B - Digital licenses replace print prices

Gantz P. Digital licenses replace print prices as accurate reflection of real journal costs. Professional/Scholarly Publishing Bulletin 2012;11(3):1-5

Library Journal's Annual Periodical Price Survey 1990-2010 showed a more than six-fold increase in journal prices since 1990. Institutional libraries have shifted their purchasing patterns from print to digital holdings, and are pursuing licensing agreements that provide perpetual digital access to a body of content, instead of purchasing subscription to individual journals.

B - Copy-editing of research papers

Joshi Y. Copy-editing of research papers: who and why and why not. Current Science 2013;104(2):171

This commentary explores the “who and why” of copy-editing. The need for copy-editing to ensure the quality of research papers and the importance of hiring an editor with language and subject expertise are evinced. According to the author, it is tempting to believe that a good copy-editing contributes to raising the  impact factor of a journal, but he couldn't find any research to support this assumption. Current Science is among the few Indian journals to maintain a stable of copy-editors, in-house and otherwise. Most Indian journals do not for a variety reasons, probably the most common being that the majority of journals don't run on professional lines.

B - Medical writer education

Benau D. On educating the medical writer. Medical Writing 2013;22(1):26-28
(doi: 10.1179/2047480612Z.00000000081)

Most medical writers received their education on the job rather than through formal education. However, formal education gives a more uniform foundation of knowledge than experience alone. This article addresses some of the differences between education and training, educational approaches and delivery methods, and potential effects on employment prospects.

Wednesday, May 29, 2013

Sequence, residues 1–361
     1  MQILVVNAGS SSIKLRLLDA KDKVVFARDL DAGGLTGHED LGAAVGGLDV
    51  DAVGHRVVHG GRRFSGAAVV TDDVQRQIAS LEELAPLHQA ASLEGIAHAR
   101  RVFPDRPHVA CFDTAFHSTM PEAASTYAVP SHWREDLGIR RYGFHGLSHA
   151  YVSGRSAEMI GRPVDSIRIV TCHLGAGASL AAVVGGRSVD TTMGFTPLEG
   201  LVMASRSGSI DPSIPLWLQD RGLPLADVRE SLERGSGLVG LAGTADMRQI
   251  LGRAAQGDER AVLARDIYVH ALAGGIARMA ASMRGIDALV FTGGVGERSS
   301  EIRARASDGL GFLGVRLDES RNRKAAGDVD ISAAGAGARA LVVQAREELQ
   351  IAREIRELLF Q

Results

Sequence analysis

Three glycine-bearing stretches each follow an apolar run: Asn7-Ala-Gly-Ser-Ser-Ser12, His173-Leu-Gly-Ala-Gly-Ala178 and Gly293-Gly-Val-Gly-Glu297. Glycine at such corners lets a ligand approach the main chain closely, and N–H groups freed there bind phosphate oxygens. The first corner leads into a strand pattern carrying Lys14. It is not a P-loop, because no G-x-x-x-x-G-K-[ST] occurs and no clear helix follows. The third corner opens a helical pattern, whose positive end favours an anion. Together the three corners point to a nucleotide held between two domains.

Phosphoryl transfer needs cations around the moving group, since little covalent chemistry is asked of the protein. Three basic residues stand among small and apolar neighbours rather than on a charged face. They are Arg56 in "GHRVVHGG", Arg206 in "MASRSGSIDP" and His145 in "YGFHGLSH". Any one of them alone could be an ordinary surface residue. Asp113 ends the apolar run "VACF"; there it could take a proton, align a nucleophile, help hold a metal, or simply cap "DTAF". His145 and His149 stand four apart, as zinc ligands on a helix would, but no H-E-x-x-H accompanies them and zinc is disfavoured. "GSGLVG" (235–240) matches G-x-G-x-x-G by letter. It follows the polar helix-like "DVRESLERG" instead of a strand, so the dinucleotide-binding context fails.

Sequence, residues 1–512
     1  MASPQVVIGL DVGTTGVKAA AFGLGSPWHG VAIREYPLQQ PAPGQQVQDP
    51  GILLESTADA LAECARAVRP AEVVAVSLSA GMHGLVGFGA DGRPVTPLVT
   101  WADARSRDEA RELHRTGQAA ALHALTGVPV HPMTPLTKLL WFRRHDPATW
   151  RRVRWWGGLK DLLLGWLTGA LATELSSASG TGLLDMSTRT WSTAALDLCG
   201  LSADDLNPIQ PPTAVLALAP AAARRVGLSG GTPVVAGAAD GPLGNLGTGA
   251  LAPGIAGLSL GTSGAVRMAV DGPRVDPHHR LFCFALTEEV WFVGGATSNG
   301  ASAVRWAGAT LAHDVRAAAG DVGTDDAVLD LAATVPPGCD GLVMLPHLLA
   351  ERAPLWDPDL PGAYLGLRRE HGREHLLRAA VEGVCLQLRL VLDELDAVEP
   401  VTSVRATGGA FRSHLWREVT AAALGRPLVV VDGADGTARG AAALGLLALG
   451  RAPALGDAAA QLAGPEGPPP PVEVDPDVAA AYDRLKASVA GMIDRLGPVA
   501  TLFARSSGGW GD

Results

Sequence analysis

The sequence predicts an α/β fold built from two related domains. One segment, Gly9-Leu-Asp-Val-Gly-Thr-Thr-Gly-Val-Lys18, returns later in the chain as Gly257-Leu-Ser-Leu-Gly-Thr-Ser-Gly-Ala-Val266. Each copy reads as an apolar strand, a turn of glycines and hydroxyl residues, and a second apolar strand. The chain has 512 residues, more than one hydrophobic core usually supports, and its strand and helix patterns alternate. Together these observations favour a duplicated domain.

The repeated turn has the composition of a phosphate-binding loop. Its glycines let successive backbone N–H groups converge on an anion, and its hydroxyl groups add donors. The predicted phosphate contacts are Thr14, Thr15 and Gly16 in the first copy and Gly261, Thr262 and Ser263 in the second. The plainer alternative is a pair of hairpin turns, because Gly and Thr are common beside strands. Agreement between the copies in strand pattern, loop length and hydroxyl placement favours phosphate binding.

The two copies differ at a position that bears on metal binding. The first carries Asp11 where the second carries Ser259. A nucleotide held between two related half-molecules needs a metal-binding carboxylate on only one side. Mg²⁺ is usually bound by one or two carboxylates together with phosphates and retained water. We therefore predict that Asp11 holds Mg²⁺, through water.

B - The San Francisco Declaration on research assessment

Yandell K. Scientists take aim at impact factor. The Scientist Magazine May 20, 2013

Many organizations involved in scientific publishing have up to now signed a declaration, called the San Francisco Declaration on Research Assessment (DORA), that asks the scientific community (scientists, funding bodies, and others) to put less weight on impact factor. It argues that, within journals, most citations are likely to come from relatively few papers and so the aggregate impact factors do not reflect an individual paper's merit. Impact factors also vary by field of research and do not differentiate between review papers and original research.

B - Teaching scientific writing

Heseltine E. Teaching scientific writing to non-native English speakers. Medical Writing 2013;22(1):13-15
(doi: 10.1179/204748012X13560931063591)

The author describes the basic design of a 3-day workshop on scientific writing for non-native English speakers. It is designed to give participants a basic understanding of writing scientific articles for international journals, and does not include English-language teaching. Scientific communication could be taught as a subject in its own, with English-language teaching as a completely separate course.